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Album: The Story of Woodham Brothers Ltd and Barry Scrapyard

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BR/GWR Collett 4-6-0 Class 4900 Hall No. 5972 at Woodham Brothers Scrapyard 1966

BR/GWR Collett 4-6-0 Class 4900 Hall No. 5972 at Woodham Brothers Scrapyard 1966 - Low Resolution Image

BR/GWR Collett 4-6-0 Class 4900 Hall No. 5972 'Olton Hall' at Woodham Brothers scrapyard, Barry, Wales on 18th August 1966. Built at Swindon Works in April 1937. it was first allocated to Carmarthen, South Wales where it remained until 1951. After being fitted with a three row superheater at Swindon was initially allocated to Plymouth Laira TMD. It was withdrawn from 88B Cardiff East Dock in December 1963 and acquired by Woodham Brothers, Barry, Vale of Glamorgan for scrap in May 1964. Woodham Brothers sold the locomotive to Procor (UK) Ltd in Wakefield, and it left as the 125th departure from Barry in May 1981. It was based at National Railway Museum Shildon.

The Great Western Railway 4900 Class or Hall Class is a class of 4-6-0 mixed traffic steam locomotives designed by Charles Collett. A total of 259 were built, numbered 4900–4999, 5900–5999 and 6900–6958. The LMS Stanier Class 5 4-6-0 and LNER Thompson Class B1 both drew heavily on design features of the Hall Class. After nationalisation in 1948, British Railways gave them the power classification 5MT.

The prototype was rebuilt from GWR Saint Class number 2925 Saint Martin in 1924 with smaller driving wheels. Additionally the cylinders were realigned in relation to the driving axle and a more modern 'Castle'- type cab was fitted. The rebuilt Saint Martin emerged from Swindon in 1924 and, renumbered 4900, embarked on three years of trials. During this period Collett introduced other modifications. The pitch of the taper boiler was altered and outside steam pipes were added.

Satisfied with no.4900's performance Collett placed an order with Swindon works and the first of the new two-cylinder Halls entered service in 1928. They differed little from the prototype; the bogie wheel diameter had been reduced by two inches from 3 ft 2 in (0.965 m) to 3 ft 0 in (0.914 m) and the valve setting amended to give an increased travel of 7.5 in (191 mm). The overall weight of the locomotive had increased by 2 tons 10 cwt (5,600 lb or 2.5 t) to 75 tons 0 cwt (168,000 lb or 76.2 t) but a tractive effort of 27,275 lbf (121.33 kN) compared favourably with the 24,935 lbf (110.92 kN) of the 'Saint'.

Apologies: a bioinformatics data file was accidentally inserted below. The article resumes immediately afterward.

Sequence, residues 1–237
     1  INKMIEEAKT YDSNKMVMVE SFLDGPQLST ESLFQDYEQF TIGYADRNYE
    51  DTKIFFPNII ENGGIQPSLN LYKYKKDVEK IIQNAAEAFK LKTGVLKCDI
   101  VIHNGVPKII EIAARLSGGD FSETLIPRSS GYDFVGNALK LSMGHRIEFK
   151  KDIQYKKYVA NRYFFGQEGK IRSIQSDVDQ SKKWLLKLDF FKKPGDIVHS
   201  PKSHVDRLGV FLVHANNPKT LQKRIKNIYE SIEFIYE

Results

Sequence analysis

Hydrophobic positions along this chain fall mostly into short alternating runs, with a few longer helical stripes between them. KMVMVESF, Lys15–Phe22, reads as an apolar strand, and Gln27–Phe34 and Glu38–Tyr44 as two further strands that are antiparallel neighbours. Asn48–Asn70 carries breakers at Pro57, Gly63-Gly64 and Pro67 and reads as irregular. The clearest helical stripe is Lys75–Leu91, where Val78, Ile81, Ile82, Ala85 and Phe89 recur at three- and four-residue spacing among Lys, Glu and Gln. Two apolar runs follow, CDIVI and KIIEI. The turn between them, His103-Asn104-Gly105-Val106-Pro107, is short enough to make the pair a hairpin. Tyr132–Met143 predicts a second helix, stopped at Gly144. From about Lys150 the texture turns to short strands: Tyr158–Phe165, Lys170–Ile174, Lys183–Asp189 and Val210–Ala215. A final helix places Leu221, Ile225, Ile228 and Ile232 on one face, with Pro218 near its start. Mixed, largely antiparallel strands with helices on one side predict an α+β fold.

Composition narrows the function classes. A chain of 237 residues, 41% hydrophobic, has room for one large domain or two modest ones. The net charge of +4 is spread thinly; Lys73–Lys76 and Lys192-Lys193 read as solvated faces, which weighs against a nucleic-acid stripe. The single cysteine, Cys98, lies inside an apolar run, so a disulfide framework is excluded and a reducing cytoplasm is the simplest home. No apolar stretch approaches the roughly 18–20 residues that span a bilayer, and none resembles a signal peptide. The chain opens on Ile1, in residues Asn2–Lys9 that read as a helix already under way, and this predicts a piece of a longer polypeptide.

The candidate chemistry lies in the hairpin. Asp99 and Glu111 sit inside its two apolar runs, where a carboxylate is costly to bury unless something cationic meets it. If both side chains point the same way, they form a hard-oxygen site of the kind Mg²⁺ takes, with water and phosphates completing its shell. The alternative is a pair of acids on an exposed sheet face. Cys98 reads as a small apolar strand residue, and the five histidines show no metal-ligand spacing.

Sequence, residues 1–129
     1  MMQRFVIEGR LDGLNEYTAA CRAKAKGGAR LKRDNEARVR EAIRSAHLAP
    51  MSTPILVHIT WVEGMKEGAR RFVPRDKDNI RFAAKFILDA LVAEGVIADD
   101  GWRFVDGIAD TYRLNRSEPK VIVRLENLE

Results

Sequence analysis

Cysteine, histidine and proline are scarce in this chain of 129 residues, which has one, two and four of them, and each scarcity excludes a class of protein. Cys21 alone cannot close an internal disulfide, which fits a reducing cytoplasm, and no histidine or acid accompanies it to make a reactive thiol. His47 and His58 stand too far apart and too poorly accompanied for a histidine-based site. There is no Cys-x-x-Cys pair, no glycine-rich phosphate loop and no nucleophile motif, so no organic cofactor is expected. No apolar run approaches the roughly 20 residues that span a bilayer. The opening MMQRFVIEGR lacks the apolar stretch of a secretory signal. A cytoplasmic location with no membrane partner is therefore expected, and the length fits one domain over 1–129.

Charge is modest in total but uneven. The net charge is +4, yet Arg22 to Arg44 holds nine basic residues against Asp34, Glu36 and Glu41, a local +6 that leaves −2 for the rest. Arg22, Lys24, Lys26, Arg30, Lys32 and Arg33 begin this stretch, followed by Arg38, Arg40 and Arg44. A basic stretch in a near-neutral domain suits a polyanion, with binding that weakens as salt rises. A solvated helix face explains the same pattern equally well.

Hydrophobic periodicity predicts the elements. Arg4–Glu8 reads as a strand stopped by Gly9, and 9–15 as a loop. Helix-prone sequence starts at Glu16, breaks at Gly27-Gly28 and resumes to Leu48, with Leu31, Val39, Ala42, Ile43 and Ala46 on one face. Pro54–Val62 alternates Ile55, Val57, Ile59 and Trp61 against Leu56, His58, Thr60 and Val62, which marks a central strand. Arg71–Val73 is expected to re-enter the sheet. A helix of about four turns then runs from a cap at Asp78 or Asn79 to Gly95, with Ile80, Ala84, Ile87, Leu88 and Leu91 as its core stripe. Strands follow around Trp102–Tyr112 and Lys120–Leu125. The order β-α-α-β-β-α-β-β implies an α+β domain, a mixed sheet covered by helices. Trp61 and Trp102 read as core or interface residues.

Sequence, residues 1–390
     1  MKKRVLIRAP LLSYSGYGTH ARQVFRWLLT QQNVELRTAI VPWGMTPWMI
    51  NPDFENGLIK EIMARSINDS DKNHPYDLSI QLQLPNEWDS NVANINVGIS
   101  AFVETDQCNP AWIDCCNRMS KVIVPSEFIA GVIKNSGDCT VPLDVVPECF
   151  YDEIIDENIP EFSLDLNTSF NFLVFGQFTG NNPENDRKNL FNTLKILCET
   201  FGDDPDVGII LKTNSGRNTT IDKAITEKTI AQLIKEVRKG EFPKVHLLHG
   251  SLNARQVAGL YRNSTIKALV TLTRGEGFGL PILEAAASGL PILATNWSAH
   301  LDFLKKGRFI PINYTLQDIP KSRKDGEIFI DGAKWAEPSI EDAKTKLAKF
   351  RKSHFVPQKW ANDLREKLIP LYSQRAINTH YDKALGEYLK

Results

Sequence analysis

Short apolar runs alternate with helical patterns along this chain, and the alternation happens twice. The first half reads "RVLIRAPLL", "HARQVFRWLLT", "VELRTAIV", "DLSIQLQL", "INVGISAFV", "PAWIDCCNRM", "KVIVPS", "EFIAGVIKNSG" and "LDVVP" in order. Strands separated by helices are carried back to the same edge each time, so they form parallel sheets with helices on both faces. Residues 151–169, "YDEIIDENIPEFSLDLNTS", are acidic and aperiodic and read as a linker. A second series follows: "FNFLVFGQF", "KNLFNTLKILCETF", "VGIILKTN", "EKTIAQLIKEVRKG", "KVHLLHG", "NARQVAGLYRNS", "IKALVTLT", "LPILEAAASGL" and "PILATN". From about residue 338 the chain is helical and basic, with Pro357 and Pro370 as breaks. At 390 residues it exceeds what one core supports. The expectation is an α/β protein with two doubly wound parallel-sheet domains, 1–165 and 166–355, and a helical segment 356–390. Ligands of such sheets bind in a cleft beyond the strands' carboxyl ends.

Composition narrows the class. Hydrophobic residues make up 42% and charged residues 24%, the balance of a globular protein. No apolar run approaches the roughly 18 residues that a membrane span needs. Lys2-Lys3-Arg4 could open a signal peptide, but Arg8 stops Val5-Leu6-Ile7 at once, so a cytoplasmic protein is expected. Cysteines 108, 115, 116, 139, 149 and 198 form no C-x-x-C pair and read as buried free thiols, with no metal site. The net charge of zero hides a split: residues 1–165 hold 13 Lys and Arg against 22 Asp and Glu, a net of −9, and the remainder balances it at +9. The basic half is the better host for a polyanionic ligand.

In what amounted to a trial run the first 14 were despatched to the arduous proving grounds of the Cornish main line. However they were so successful here and elsewhere on the GW system that by the time the first production batch of 80 had been completed in 1930 a further 178 were on order. By 1935, 150 were in service and the 259th and last Hall, No. 6958 Oxburgh Hall, was delivered in 1943.

In the 2000s the locomotive achieved fame after it was used to haul the "Hogwarts Express" in the Harry Potter films.

Since 2004 private tour operator Beyond Boundaries Travel has commissioned the train each summer for use on its Harry Potter Fan Trips tours of the United Kingdom. On 11 March 2007 vandals again targeted the coaches, causing £75,000 worth of damage at West Coast Railway Company's depot in Carnforth. Ten youths, aged between twelve and fourteen years, were arrested in connection with the incident — in which 337 windows on several coaches were smashed.

In the films the locomotive is depicted pulling a train of four British Rail Mark 1 carriages. Scenes were filmed inside King's Cross railway station, crossing over the Glenfinnan Viaduct in Scotland and at the North Yorkshire Moors Railway — along with internal scenes on board the train.

When filming, Olton Hall carries a "Hogwarts Express" headboard on the smokebox, featuring the Hogwarts School crest. The same emblem is featured as part of the Hogwarts Railways' sigil on the tender and carriages. It retains its GWR number of 5972, but with alternative nameplates fitted, naming the engine Hogwarts Castle. It is painted in a crimson livery — a non-standard colour, as Great Western Railway locomotives traditionally used Brunswick Green.

Olton Hall is not the first real locomotive to be disguised for hauling the Hogwarts Express. To promote the fourth Harry Potter book Harry Potter and the Goblet Of Fire, Southern Railway West Country Class locomotive 34027 "Taw Valley" was temporarily repainted and renamed. It was rejected by film director Chris Columbus as looking "too modern" for the film but carried the name and colour for some months later.

Three full-size replicas of the locomotive as 5972 Hogwarts Castle are at The Wizarding World of Harry Potter (Universal Orlando Resort). Two as part of the Hogwarts Express train ride and the other is a static exhibit in the Hogsmeade area.

Date Photo Taken 18/08/1966
Date Uploaded 03/09/2014
Image Owner/Copyright Howie Milburn
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Steam Loco Information for BR/GWR Collett 4-6-0 Class 4900 Hall No. 5972 at Woodham Brothers Scrapyard 1966 - Low Resolution Image

Steam Loco Class Information for BR/GWR Collett 4-6-0 Class 4900 Hall No. 5972 at Woodham Brothers Scrapyard 1966 - Low Resolution Image

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